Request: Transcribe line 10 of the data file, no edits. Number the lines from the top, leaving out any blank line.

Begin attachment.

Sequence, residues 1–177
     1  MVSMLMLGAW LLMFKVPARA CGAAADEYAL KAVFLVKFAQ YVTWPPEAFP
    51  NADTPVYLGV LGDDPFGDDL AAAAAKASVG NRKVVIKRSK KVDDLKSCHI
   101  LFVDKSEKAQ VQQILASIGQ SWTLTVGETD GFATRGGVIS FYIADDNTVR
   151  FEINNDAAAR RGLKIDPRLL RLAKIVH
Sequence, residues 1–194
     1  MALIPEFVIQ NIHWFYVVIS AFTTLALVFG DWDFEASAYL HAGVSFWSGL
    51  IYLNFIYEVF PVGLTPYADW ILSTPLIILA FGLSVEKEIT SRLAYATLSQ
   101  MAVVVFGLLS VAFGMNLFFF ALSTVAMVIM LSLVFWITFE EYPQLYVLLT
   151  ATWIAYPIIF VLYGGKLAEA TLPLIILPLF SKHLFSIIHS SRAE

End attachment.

   151  ATWIAYPIIF VLYGGKLAEA TLPLIILPLF SKHLFSIIHS SRAE